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rule in that white house. >> just go back, quickly go back to the mccain thing. because it's not just that he holds on to grudges. it's that he holds on to crazy conspiracy theories. and you know that where he got this was on twitter or from the "weekly world news" or wherever else he gets his information. he's been believing for a long time precisely the opposite of the truth. and i'm sure after mattis corrected him in that meeting trump went on to repeat that story -- that "oh, okay" was not oh, oh, my god, i've been wrong this whole time? oh, god. how do i fix this misapprehension? what it was was oh, whatever. and then he went back to believing what i'm sure he still to this day believes which is that mccain was a traitor, that he got out early -- >> that he's not a war hero. >> that he was a manchurian candidate. all the crazy stuff that lives in the right-wing fever swamps of social media where trump gets most of his information about things are still i'm sure firmly implanted in that frontal lobe of his, whatever that -- >> and tim, nowhere does donald trump have stronger support than in alabama, but alabamans don't
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seem to realize what donald trump thinks of them. the woodward back has donald trump referring to jeff sessions this way. "this guy is mentally retarded. he's this dumb southerner. he couldn't even be a one-person country lawyer down in alabama." and so clearly -- and we had the report last week of donald trump making fun of jeff sessions and his accent, and his southern accent. and so clearly if trump supporters in alabama understood donald trump's real attitude toward them, there might abe different support level down there. >> i think that's the wild card about the woodward book is what real world impact is it going to have. you saw in the kavanaugh hearings that the gop is not going to let go of donald trump until they have some goods in the bag. >> tim o'brien and john heilemann, thank you for joining us tonight. when we come back, what i thought was the most stunning
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and revealing moment in today's confirmation hearing. it was something brett kavanaugh refused to do.
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this wi-fi is fast. i know! i know! i know! i know! when did brian move back in? brian's back? he doesn't get my room. he's only going to be here for like a week. like a month, tops. oh boy. wi-fi fast enough for the whole family is simple, easy, awesome. in many cultures, young men would stay with their families until their 40's. there will always be an asterisk after your name. appointed by a president named as an unindicted coconspirator after the vast majority of documents relating to the most
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instructive period of his life were concealed. >> is so a supreme court confirmation hearing unlike any other began today in the senate judiciary committee. federal appeals court judge brett kavanaugh is the first person to be nominated for the united states supreme court by an unindicted coconspirator in a current federal criminal case. if you've been following the kavanaugh confirmation process closely, you probably learned nothing that you didn't already know about brett kavanaugh in today's hearing except this. the two men facing each other there are both proud and loving fathers. one of them has two children. the other used to have two children. now he has one. his 14-year-old daughter jamie was one of the 17 people killed in the mass murder at marjory stoneman douglas high school in parkland, florida. fred guttenberg explained what you're seeing in that photograph this way. just walked up to judge kavanaugh as morning session ended, put out my hand to introduce myself as jamie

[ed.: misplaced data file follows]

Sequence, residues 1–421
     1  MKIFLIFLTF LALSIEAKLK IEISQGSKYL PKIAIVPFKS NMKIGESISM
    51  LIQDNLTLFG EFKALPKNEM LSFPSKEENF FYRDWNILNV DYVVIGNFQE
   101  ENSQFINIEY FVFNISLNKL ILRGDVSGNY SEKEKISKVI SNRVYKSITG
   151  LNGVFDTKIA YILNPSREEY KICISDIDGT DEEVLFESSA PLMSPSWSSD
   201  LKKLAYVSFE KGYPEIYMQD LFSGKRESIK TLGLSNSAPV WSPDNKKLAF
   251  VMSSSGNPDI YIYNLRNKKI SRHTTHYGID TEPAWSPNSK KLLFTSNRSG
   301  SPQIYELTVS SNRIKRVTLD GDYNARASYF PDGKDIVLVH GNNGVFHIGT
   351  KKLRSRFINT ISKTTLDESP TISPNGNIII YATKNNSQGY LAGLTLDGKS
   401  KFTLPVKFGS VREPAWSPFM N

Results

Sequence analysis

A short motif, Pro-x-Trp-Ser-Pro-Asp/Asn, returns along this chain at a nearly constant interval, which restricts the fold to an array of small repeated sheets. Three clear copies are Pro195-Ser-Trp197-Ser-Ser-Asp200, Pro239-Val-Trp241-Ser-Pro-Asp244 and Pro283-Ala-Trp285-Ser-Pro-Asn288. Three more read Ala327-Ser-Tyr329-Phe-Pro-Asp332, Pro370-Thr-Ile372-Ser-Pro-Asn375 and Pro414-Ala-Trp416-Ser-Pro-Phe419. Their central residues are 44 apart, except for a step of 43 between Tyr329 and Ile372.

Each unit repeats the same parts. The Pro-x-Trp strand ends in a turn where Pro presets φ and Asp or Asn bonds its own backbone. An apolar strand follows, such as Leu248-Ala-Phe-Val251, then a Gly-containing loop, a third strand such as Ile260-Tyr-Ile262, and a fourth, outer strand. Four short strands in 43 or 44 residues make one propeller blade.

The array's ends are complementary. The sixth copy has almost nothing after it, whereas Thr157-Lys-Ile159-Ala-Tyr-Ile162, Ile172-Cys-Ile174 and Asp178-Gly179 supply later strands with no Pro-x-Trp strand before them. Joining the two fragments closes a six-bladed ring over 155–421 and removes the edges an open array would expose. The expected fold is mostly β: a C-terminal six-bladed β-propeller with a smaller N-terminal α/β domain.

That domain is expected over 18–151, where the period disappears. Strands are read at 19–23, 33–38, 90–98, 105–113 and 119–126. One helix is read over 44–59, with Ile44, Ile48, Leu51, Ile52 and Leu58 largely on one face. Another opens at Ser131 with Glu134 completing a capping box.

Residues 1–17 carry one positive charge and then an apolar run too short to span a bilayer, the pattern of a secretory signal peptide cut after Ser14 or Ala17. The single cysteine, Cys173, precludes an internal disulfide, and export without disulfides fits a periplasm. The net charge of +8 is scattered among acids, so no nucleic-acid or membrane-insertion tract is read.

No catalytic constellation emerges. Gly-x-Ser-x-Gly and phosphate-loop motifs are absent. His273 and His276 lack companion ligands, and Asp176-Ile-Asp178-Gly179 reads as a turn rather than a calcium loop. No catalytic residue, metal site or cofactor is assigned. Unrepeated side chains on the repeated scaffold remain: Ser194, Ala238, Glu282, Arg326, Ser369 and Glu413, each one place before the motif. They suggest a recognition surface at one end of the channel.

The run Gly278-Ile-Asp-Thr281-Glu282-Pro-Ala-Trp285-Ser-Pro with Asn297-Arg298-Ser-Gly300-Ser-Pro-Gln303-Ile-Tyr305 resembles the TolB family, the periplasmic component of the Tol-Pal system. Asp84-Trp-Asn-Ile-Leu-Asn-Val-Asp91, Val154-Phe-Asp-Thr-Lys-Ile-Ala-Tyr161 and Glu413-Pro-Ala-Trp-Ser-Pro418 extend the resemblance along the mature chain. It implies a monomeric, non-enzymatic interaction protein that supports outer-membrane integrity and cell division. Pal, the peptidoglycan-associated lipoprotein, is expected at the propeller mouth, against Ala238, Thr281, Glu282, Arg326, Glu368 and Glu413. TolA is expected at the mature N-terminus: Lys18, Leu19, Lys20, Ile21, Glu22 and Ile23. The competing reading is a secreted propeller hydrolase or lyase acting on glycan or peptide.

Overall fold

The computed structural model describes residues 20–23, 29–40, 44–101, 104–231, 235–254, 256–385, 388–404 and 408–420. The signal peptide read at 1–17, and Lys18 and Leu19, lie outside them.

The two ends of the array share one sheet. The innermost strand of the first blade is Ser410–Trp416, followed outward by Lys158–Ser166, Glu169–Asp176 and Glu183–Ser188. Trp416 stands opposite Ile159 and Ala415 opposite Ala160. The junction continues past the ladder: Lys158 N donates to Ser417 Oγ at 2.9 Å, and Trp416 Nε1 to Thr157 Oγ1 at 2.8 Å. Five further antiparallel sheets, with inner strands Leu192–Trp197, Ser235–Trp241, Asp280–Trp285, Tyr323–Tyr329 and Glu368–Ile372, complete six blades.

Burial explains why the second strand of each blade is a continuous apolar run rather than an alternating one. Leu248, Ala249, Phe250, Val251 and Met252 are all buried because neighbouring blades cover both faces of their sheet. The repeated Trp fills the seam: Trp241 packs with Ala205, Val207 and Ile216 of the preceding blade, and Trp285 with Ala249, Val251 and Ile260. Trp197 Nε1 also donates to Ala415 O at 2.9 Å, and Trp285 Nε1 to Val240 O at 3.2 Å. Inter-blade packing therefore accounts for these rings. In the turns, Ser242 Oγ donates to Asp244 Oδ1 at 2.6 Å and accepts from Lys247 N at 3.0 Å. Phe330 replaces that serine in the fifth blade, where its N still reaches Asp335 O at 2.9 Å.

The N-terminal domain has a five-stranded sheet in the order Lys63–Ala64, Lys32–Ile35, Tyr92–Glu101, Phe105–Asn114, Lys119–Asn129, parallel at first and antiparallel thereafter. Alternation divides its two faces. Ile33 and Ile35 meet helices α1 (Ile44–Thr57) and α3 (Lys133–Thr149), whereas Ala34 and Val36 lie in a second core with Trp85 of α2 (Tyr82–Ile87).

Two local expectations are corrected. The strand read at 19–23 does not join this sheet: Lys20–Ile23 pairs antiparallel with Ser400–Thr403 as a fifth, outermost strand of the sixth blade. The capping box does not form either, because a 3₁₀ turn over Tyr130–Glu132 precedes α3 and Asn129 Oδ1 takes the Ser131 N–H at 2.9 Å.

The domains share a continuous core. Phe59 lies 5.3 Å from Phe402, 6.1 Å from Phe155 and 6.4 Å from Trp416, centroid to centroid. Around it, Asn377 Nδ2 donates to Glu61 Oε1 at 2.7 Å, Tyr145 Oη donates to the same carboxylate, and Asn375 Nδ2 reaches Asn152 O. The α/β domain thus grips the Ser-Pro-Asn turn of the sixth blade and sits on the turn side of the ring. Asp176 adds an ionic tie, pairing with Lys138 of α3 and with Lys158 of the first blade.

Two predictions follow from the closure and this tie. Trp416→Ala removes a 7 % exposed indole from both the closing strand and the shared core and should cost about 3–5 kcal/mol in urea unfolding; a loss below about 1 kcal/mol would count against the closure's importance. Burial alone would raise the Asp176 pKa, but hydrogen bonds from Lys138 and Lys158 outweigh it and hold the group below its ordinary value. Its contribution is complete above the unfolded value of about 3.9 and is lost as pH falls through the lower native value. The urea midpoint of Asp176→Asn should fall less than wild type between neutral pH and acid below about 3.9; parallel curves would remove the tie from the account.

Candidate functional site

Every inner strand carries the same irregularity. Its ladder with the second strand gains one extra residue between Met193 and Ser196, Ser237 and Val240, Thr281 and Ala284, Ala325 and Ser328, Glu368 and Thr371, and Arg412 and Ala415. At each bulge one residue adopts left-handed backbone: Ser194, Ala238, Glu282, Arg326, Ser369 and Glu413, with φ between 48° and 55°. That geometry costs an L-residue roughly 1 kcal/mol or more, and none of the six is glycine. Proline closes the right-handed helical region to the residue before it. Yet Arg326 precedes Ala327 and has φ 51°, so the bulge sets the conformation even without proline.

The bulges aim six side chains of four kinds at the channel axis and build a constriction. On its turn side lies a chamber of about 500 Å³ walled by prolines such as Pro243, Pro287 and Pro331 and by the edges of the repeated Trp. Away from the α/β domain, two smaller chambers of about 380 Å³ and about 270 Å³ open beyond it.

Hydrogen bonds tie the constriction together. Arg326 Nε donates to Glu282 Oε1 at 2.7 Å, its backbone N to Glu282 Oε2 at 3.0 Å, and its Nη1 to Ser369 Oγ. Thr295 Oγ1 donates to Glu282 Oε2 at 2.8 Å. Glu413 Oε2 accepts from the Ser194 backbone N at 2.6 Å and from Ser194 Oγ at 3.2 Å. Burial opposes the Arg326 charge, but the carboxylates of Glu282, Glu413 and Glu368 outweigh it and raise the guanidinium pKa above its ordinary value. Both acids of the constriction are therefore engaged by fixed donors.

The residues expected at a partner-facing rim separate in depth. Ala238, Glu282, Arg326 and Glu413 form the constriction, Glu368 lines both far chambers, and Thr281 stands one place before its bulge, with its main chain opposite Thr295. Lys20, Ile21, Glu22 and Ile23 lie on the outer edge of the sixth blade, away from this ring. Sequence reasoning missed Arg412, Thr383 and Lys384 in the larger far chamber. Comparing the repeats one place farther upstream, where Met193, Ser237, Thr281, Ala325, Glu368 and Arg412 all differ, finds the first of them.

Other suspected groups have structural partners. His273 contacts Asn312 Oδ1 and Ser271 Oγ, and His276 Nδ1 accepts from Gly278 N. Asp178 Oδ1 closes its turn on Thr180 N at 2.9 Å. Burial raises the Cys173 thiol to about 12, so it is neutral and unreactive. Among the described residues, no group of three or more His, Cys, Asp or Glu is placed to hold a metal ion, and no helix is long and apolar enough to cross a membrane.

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guttenberg's dad. he pulled his hand back, turned his back to me and walked away. i guess he did not want to deal with the reality of gun violence. here is the video of that moment, and you will see fred guttenberg is the first person to speak to brett kavanaugh when he gets out of the witness chair. >> four . >> the photograph of brett kavanaugh turning his back on fred guttenberg went viral almost immediately and by the time brett kavanaugh made his opening remarks, the white house was already issuing statements defending brett kavanaugh turning his back on fred guttenberg. so i had high hopes for brett kavanaugh. high hopes that he would find fred guttenberg in the audience and just shake hands with him, say something sympathetic to a
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grieving father in his opening remarks, perhaps, but he didn't. he could easily have just added a sentence or two. that's the most it would take to his opening remarks. he didn't say a word about fred guttenberg or fred's daughter jamie, but he did talk about some other girls, girls with very bright futures. >> for the past seven years, i've coached my daughters' basketball teams. i love coaching. all the girls i've coached are awesome. and special congratulations to the girls on this year's sixth grade cyo championship team, anna, quinn, kelsi, shawnee, chloe, alex, ava, sofia and margaret. i love helping the girls grow into confident players. i know that confidence on the basketball court translates into confidence in other aspects of